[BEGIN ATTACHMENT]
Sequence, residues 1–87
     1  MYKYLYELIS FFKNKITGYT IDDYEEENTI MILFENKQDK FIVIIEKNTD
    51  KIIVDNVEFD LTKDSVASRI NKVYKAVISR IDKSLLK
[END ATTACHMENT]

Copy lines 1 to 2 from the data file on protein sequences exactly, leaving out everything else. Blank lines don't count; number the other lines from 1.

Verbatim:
Sequence, residues 1–87
     1  MYKYLYELIS FFKNKITGYT IDDYEEENTI MILFENKQDK FIVIIEKNTD